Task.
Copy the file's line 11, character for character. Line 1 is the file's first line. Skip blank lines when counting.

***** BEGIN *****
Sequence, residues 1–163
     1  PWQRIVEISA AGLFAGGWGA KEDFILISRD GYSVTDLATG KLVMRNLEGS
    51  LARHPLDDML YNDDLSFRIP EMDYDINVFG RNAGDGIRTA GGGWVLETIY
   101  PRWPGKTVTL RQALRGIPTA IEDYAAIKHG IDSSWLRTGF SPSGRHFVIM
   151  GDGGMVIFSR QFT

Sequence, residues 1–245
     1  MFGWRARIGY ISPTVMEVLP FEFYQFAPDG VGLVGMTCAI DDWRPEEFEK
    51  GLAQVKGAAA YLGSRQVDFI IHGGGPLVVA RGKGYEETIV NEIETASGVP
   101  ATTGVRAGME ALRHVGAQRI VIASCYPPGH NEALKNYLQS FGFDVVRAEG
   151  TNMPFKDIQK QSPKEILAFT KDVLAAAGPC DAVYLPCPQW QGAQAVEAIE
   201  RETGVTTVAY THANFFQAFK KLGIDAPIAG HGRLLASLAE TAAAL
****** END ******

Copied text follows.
   201  RETGVTTVAY THANFFQAFK KLGIDAPIAG HGRLLASLAE TAAAL